Severn Trent Water fined for bad service and liesOfwat confirms £35.8m fine
03 July 2008
Water regulator Ofwat has confirmed it is fining Severn Trent Water a total of £35.8m for deliberately providing false information and poor customer service.
Ofwat proposed the fine - the biggest ever levied by the regulator - in April after ruling that customers had paid higher bills than necessary because of the failings.
Regulators have spent three months consulting on the fine, and said yesterday that it was being upheld after representations were received from two parties - the Consumer Council for Water and Severn Trent Water.
Shareholders to bear cost
Ofwat has stipulated the cost of the fine will be borne by shareholders. 'It will not be passed on to its customers,' the regulator said.
The announcement came a day after Severn Trent - which has 3.7 million household and business customers - was fined another £2m for lying about water leaks.
Regarding the £35.8m fine, Ofwat said the firm deliberately provided false customer service data in 2005 and earlier years, such as how it performed on making and keeping appointments and the number of customers who received no replies to complaints.
The water firm is being fined £34.7m (2.9% of its 2006/07 turnover) for misreporting the information, and £1.1m (0.1% of its 2005/06 turnover) for providing sub-standard service to customers.
Ofwat chief executive Regina Finn said: 'Severn Trent's behaviour was unacceptable. The size of the fine reflects how seriously Ofwat takes the deliberate misreporting of information.
'This sends a clear message to the company and to the rest of the water sector: Ofwat will protect consumers and companies must comply with their legal obligations or pay the price. Any further attempts to deliberately mislead Ofwat could lead to even bigger fines in the future.'
She added: 'The obligations on the companies to provide reliable, accurate and complete data are designed to protect consumers in a monopoly environment.
'Without a choice of supplier, this protection is essential.'
Severn Trent serves a population of more than 8 million people from the Bristol Channel to the Humber, and from mid-Wales to the East Midlands.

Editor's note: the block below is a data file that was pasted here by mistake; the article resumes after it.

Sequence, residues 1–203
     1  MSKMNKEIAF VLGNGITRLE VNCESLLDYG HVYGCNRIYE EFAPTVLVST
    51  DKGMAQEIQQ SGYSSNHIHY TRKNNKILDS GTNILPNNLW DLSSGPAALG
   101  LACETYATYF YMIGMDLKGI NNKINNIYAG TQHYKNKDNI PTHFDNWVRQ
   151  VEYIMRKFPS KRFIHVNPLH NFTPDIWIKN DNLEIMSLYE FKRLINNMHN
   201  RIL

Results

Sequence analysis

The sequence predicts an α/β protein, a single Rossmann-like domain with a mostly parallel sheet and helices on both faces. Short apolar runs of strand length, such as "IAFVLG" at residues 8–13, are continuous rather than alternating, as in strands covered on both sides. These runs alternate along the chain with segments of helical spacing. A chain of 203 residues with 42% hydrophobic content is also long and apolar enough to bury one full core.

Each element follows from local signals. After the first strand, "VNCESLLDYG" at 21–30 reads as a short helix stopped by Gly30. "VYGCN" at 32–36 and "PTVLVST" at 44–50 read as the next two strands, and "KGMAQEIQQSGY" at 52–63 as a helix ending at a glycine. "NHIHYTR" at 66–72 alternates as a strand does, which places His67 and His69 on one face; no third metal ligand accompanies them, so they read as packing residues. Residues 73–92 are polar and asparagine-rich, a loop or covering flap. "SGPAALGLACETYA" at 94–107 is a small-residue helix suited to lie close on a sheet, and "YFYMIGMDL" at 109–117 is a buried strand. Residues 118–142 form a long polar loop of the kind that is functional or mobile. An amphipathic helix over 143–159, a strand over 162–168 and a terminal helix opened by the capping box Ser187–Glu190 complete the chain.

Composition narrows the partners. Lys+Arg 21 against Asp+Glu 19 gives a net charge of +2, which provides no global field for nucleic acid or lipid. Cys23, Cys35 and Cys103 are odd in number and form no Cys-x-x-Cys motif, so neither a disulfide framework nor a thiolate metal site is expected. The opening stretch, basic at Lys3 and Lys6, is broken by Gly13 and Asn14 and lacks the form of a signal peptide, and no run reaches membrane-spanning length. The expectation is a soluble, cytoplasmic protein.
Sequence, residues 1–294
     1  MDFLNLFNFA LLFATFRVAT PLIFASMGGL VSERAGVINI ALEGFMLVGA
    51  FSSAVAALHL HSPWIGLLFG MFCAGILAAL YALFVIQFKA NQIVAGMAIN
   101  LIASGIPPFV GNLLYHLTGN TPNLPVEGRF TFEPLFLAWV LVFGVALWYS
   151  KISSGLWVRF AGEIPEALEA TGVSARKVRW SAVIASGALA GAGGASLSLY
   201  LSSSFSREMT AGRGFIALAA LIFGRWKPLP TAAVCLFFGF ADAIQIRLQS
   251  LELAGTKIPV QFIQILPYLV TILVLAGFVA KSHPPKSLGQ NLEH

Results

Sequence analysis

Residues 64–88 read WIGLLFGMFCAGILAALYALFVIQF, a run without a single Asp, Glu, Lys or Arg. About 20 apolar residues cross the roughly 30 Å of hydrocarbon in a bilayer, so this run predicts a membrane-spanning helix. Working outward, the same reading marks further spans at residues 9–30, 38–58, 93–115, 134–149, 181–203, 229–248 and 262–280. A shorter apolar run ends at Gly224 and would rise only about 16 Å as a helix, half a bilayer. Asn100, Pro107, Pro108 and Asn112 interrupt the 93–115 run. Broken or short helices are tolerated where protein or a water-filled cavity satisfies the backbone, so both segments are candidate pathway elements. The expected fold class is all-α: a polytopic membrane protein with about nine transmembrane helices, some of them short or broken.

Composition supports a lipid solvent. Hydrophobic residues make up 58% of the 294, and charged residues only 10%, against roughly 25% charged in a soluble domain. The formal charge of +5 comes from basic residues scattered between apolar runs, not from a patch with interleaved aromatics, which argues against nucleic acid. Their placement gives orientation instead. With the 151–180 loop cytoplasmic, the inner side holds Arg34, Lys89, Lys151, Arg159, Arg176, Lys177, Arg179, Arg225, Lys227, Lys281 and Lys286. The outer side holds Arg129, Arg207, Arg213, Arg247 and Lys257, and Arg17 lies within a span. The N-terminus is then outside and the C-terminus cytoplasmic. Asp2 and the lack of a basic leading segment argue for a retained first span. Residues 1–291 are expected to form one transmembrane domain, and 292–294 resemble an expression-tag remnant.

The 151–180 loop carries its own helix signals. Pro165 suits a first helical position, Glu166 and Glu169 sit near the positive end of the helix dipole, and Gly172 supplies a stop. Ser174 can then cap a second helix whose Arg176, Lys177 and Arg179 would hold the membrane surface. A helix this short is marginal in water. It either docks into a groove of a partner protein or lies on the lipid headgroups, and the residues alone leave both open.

The firm said it would study the Ofwat decision and respond in due course. It has 42 days to launch a High Court appeal and must pay by August 22 if it chooses not to.
At the time the fine was proposed, Severn Trent's chief executive Tony Wray blamed the previous management regime for the failings, saying it was 'overly bureaucratic' and lacked sufficient controls.
Mr Wray said Ofwat was 'promptly alerted' when the false customer service data was discovered.
He said:'We fully acknowledge and accept that the company is responsible for its failures.There is no doubt that the previous regime and culture in place during the era from 2000 to 2004 was overly bureaucratic and lacked sufficient controls and procedures.
'Those who were responsible for the customer relations mistakes are no longer with Severn Trent and we apologise to our customers for their failings.'
Mr Wray was appointed managing director of Severn Trent Water in March 2005 and promoted to the group's top job in October last year.
Severn Trent was fined £2m at the Old Bailey in London on Tuesday after pleading guilty to two offences under the Water Industry Act of making false returns to Ofwat concerning 2001 and 2002.
The court was told the company reported an estimated yearly water loss of 340 million litres per day to meet targets, while the true figure was around 514 million litres.
The lying came to light from emails and board meeting minutes. The case was brought by the Serious Fraud Office.
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